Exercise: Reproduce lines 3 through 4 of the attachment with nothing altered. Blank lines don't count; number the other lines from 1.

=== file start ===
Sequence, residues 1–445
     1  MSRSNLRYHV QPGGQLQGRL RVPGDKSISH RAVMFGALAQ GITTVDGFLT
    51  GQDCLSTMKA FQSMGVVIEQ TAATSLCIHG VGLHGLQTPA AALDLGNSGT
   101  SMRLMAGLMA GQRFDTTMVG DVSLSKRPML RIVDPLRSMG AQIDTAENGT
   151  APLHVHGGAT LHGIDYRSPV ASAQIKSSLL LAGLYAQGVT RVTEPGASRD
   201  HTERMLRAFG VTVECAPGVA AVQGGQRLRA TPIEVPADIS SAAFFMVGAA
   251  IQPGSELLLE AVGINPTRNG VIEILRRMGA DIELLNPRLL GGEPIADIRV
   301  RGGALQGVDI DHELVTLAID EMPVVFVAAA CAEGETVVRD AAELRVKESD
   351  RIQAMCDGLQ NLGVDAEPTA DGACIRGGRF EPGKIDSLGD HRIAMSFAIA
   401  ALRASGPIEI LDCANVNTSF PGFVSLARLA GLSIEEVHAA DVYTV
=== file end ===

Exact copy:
    51  GQDCLSTMKA FQSMGVVIEQ TAATSLCIHG VGLHGLQTPA AALDLGNSGT
   101  SMRLMAGLMA GQRFDTTMVG DVSLSKRPML RIVDPLRSMG AQIDTAENGT